We spoke with Dr. Aaron Phillips about his Nature publications concerning artificially correcting hemodynamic instability following spinal cord injury, and how Kaha Telemetry helped him characterize cardiovascular regulation across multiple animal models.
Dr. Aaron Phillips is an Associate Professor and Director of the RESTORE.network at the University of Calgary. Driven by his passion for the complex interactions between the nervous and cardiovascular systems, including anomalous interactions contributing to clinical disorders, Aaron's research focuses on developing novel therapeutics for people with neurological health issues.
In this article, we break down the development of the neuroprosthetic baroreflex, a device designed to artificially correct blood pressure after spinal cord injury, and the role the Kaha SNA and Pressure Telemeter played in characterizing cardiovascular regulation across multiple animal models. Aaron walks us through his Nature publications: Neuroprosthetic baroreflex controls haemodynamics after spinal cord injury, and Longitudinal interrogation of sympathetic neural circuits and hemodynamics in preclinical models which he co-led with Associate Professor Gregoire Courtine.
The debilitating effects of traumatic spinal cord injury are widely known. In addition to medication and rehabilitation, new treatment technologies explore electrical stimulation of damaged nerve centers to rescue muscle control. The Phillips Lab uses this technology to address a lesser-known symptom of spinal cord injury - hemodynamic instability. Designing a sophisticated device to electrically stimulate the nerve centers responsible for maintaining life-threatening unstable blood pressure.
“Cardiovascular instability after spinal cord injury is really broken into two phases,” Aaron says. “There is the acute stage in those first 24 hours after injury, and then the chronic stage. During that acute stage, there is something called neurogenic shock, and it's a massive depression of the sympathetic nervous system, very low blood pressure. It prevents the healing of the spinal cord. It directly relates to neurological damage. Roughly fifty percent of the injury is after the initial trauma, during neurogenic shock, when there is insufficient blood flow to heal the spinal cord.”
Hemodynamic instability, the inability of the body to maintain consistent blood flow and pressure, occurs during the chronic stage of spinal cord injury.
This instability leads to repeated hypotensive episodes; increasing the risk of stroke and heart disease, while seriously impacting recovery from spinal cord injury. Although pharmacological treatments are available, they increase the risk of complications and often have poor adherence. Aaron and his team wanted to find a solution that could directly target the injured system with high efficacy and negligible side effects.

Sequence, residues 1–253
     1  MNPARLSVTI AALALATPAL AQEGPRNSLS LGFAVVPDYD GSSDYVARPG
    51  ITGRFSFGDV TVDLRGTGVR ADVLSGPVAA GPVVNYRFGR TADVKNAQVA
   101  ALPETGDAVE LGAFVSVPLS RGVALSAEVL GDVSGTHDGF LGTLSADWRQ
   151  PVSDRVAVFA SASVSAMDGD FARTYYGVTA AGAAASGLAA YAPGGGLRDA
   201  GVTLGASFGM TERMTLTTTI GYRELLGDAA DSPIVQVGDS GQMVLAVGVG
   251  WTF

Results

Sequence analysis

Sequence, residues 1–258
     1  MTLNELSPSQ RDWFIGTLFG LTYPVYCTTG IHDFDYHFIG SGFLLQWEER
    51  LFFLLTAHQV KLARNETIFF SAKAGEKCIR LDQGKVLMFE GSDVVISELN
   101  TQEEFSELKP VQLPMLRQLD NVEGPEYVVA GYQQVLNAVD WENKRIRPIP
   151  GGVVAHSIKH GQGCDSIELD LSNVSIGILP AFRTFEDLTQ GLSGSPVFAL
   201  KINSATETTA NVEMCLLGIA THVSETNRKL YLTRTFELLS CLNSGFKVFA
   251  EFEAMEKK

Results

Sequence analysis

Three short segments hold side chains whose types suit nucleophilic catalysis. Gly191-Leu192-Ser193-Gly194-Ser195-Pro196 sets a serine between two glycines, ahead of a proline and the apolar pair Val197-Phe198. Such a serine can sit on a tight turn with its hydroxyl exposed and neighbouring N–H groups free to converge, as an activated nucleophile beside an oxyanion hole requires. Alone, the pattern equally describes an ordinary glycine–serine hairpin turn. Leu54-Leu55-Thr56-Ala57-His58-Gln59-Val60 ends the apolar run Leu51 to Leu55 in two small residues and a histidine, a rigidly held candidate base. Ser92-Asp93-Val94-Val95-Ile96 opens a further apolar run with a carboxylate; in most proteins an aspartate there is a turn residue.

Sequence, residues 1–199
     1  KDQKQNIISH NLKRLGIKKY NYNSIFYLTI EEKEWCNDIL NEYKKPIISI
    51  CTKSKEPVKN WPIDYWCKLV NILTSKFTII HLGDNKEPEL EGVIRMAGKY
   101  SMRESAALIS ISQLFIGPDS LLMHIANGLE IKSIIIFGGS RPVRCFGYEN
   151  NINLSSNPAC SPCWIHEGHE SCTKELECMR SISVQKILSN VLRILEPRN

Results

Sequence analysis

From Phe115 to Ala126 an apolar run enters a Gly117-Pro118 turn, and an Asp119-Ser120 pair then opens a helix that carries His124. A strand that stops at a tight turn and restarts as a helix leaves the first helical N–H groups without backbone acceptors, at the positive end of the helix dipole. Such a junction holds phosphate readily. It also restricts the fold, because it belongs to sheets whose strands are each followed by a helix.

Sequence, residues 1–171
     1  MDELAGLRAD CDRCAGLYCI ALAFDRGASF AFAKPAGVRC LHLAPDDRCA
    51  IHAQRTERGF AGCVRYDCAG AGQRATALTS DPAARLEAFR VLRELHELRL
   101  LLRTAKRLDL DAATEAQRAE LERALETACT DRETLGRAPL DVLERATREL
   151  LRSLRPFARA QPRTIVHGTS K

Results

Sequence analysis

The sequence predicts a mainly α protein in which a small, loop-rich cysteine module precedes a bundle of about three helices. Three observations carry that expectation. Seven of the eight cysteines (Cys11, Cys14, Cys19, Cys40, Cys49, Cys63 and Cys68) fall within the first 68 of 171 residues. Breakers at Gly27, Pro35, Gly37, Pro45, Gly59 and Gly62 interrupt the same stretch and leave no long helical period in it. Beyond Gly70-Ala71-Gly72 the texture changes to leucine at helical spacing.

Developing new approaches for solving blood pressure instability after spinal cord injury has been the focus of the Phillips Lab for the past five years.
A pre-clinical model for hemodynamic instability
When developing a treatment for hemodynamic instability, the Phillips Lab ensured they deeply understood the sympathetic nervous system's involvement.
“My philosophy is that it's critical to understand the mechanism of the biology before you try and develop something new,” Aaron says. “I think it's very challenging, and perhaps impossible, to understand how best to optimize the intervention without a very strong understanding of the underlying biological mechanisms.”
The first preclinical model explored by Squair et al. was a tyrosine hydroxylase (TH)-Cre rat with a clinically-relevant contusion to the upper thoracic spinal cord (T3). The Phillips group visualized the damage to the descending pathways that regulate hemodynamics. By virally injecting neurons with genetically expressed fluorescent labels, neurons projecting down the spinal cord from the rostral ventrolateral medulla (RVLM) could be labeled. This is important as the RVLM is the region of the brain responsible for activating the sympathetic system’s control of cardiovascular function. This allowed Aaron and his team to track the baroreflex’s sympathetic pathway from the brain through the spinal cord.
This model revealed a near complete reduction of sympatho-excitatory synapses onto neurons below the injury.
In order to characterize how this lack of sympathetic cardiovascular control impacted the hemodynamics of the rat model, the Phillips group implanted Kaha SNA and Pressure Telemeters for long-term and concurrent measurement of sympathetic renal nerve activity and arterial blood pressure.
“It was a terrific tool,” Aaron says. “Firstly, it provided us with the necessary data to have a deep insight into the way the cardiovascular and sympathetic nervous systems were behaving after a spinal cord injury over time in the daily living of freely moving animals. It allowed us to understand how those systems responded to perturbations over time.”
“That insight gave us the evidence to determine that the rats were resistant to orthostatic challenges, which was crucial information in characterizing the model.”
“It also allowed us to understand how the sympathetic and cardiovascular systems were interacting.”
The Phillips group developed a completely novel preclinical negative pressure chamber below the mid-abdomen, pulling the blood toward the hindlimbs of the animal. This new device allowed for orthostatic hypotension to be studied in preclinical models of spinal cord injury for the first time. The Kaha Telemeter confirmed that this orthostatic challenge resulted in the same hemodynamic changes observed in a clinical ‘tilt-test’ in humans with spinal cord injury.
Uninjured rats experienced transient hypotension before a quick recovery, while rats with a spinal lesion experienced sustained hypotension linearly correlated with the chamber's pressure.
Stimulating hemodynamic hotspots
The team employed retrograde tracing from the splanchnic sympathetic ganglia - a collection of ganglionic fibers that house neurons projecting to blood vessels involved in blood pressure regulation - to identify optimal targets for stimulation. The retrograde tracing of these fibers revealed peak concentrations of spinal cord neurons involved in blood pressure control in the low thoracic region, around T12.
When epidural stimulation to the posterior roots (TESS) was applied to each spinal segment, Kaha Telemetry showed increased blood pressure during stimulation to T11-13. These hemodynamic hotspots correlated with neuron density from the retrograde tracing. It was determined that TESS applied to T11-13 primarily recruits large-diameter afferent fibers in the posterior roots to execute this pressor response. This was confirmed following the observation that the ablation of these afferent projections correlated to pressor response suppression during TESS.